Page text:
Law Enforcement News

Vol. XXIX, No. 613 A publication of John Jay College of Criminal Justice/CUNY January 2004

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In this issue:

Around The Nation: A coast-to-coast roundup of police news.
Brame blame: Searing report finds troubles aplenty in Tacoma P.D.
Compstat consequences? “Cooking the books” costs five cops their jobs.
Say what? Denver P.D. ends “insensitive” phonetic transcriptions.
Crash aftermath: Who should investigate pursuit-related crashes?
Learning to dust: Little Rock P.D. stretches its ’print capabilities.
“A nightmare”: New H.P.D. lab debacle.
View from the top: Summit planned to look at internal affairs.
Defective squad: Finding fault with police body armor.
Color-bind: Concern over device that can change traffic lights.
Candid camera: Police racism videotaped.
People & Places: Over for Olson; banner effort; cops put on notice; St. Paul secret is out; back to school; explosive cases.
Food for thought: Lunchtime program looks at domestic violence.
LEN Interview: Renae Griggs, founder of the National Police Family Violence Prevention Project.
Short Takes: Easy-to-swallow news bites.
Forum: Killers & victims in a suicide-by-cop.

 People & Places

It’s over for Olson

     As he enters his last several weeks as chief of the Minneapolis Police Department, Robert Olson said he does not consider the strides made by the agency to be “his legacy,” but rather the legacy of a force that he has been fortunate enough to lead for the past nine years.

     Olson, 57, will be moving on in January after the expiration of his third term. Too young to retire, he told Law Enforcement News, he does not yet know where he will be going. So far, Olson’s career has taken him to Yonkers, N.Y., where he survived a car-bomb attempt on his life, and to Corpus Christi, Texas, among other jurisdictions. Olson also serves as president of the Police Executive Research Forum, a post he would relinquish once he is no longer a chief...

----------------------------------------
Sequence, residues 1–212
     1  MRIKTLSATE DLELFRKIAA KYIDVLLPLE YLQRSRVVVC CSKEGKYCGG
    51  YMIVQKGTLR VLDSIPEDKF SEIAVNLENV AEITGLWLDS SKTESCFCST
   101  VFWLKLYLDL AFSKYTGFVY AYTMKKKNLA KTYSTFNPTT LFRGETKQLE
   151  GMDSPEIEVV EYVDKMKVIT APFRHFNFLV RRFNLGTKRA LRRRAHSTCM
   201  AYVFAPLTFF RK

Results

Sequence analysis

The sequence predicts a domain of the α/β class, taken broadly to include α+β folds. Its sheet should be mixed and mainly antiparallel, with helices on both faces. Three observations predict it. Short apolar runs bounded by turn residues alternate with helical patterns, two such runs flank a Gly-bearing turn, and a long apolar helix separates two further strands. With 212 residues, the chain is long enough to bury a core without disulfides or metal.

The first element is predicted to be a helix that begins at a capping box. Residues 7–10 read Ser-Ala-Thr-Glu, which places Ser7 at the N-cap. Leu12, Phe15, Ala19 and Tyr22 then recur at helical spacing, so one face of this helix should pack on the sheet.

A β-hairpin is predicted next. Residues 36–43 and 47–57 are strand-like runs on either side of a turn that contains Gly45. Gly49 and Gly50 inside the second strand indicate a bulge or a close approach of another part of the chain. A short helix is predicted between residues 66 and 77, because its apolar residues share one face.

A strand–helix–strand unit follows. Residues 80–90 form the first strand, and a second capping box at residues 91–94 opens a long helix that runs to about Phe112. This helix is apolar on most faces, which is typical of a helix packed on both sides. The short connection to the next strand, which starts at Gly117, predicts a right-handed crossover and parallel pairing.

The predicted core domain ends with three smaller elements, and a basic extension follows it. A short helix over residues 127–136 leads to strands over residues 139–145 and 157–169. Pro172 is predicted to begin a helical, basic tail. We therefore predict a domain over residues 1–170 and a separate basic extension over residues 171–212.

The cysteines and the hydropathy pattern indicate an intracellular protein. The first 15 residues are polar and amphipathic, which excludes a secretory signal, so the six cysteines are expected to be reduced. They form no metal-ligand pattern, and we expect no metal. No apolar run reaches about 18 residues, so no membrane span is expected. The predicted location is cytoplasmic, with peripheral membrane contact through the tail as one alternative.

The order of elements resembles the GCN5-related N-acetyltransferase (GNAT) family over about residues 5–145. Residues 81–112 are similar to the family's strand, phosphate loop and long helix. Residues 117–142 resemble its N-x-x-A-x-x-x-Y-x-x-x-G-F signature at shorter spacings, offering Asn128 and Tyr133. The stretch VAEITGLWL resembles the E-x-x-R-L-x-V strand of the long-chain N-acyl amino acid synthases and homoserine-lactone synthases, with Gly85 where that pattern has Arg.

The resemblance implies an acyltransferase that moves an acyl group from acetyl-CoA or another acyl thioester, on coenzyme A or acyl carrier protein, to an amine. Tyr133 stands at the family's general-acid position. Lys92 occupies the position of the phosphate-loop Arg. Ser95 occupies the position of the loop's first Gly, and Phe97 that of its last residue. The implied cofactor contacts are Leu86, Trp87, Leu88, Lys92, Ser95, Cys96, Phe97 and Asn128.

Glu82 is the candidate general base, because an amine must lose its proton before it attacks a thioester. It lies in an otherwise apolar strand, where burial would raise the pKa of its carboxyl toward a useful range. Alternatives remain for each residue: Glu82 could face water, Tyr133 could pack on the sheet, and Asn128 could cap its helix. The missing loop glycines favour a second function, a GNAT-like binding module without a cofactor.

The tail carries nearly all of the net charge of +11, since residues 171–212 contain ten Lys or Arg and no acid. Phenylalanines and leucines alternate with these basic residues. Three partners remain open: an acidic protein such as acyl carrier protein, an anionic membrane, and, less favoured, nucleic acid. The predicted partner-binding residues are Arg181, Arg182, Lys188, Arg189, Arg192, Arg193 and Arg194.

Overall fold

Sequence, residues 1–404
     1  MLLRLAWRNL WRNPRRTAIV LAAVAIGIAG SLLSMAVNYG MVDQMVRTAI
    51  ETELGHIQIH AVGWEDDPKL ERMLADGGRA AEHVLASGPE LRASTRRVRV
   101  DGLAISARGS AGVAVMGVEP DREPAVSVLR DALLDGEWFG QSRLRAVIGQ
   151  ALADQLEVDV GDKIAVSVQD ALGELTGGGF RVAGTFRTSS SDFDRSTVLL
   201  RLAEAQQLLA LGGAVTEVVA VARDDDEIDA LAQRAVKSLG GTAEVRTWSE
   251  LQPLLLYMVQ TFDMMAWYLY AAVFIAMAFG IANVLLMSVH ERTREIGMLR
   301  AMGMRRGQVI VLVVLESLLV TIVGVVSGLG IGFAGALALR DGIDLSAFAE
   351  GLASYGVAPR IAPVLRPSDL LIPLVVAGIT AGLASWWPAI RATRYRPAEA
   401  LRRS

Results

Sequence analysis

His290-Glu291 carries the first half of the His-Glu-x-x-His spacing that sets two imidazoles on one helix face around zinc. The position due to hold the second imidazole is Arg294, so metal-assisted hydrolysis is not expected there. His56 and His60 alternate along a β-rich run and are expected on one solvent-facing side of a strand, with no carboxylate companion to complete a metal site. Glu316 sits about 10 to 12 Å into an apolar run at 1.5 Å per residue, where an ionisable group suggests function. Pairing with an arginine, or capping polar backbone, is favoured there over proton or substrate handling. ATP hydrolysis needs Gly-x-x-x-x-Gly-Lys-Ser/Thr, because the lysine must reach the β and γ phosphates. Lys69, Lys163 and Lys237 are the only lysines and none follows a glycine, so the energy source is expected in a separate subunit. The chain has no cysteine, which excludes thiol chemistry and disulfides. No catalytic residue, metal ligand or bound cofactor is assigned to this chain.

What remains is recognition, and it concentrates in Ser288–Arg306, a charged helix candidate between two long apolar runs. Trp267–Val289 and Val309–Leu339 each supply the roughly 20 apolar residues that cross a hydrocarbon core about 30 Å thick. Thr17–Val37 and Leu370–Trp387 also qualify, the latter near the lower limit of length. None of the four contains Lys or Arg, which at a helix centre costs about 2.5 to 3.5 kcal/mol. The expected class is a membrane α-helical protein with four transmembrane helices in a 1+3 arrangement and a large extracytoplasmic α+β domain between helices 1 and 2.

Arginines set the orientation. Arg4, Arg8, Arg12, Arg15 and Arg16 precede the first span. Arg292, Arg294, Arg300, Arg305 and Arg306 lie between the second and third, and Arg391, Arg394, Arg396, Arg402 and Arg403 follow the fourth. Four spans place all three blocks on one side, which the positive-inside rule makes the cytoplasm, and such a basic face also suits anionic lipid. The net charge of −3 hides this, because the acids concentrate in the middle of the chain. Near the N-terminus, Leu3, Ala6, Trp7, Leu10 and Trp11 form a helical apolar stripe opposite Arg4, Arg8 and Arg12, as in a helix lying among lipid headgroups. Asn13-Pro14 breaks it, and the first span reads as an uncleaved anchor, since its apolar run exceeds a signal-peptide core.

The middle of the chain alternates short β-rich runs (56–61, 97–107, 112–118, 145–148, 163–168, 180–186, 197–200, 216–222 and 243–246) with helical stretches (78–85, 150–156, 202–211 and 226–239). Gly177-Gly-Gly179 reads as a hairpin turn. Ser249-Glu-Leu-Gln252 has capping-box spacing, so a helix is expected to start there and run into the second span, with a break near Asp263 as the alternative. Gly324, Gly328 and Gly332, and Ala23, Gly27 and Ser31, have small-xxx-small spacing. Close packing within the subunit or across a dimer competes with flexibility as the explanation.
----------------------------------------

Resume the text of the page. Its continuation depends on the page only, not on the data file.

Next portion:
A banner effort

     Raised on stories that his U.S. Marine father told him of the flag-raising at Iwo Jima, Connecticut State Trooper Eric Murray felt that after 100 years, his agency deserved its own. So he created one.

     “I always knew that a flag was a rallying point for soldiers on battlefields, and countries, particularly our country,” said Murray, a 13-year veteran who is an instructor at the state police academy in Meriden...

Cops put on notice

     To a force seemingly overjoyed with a sudden change in management at the Detroit Police Department, interim Chief Ella Bully-Cummings issued a stern reminder in November: There may be a different face at the helm, but the goal of professionalism will stay the same.

     Although Bully-Cummings was named interim chief, Mayor Kwame Kilpatrick has said he will not conduct a search...

His secret is out

     It might have been the poorest-kept secret in town, but St. Paul, Minn., Police Chief William Finney waited until November to make the long-expected announcement that he would be calling it a career next July.

     Finney, 54, was the state’s first black chief. A native of St. Paul, he was appointed by Mayor Jim Scheibel in 1992, and kept on by Mayor Norm Coleman in 1998. His relationship with Mayor Randy Kelly, however, has been more contentious, and some say it was arguable whether he would have been reappointed for a third term...

Back to school

     The federal government’s Office of Domestic Preparedness is offering a graduate degree in homeland security for law enforcement officers and others in the public safety field.

     The program will run for 18 months with all expenses paid with federal funds, including transportation. Students are required to live at the Naval Postgraduate School in Monterey, Calif., where the program is being held, for two weeks each quarter...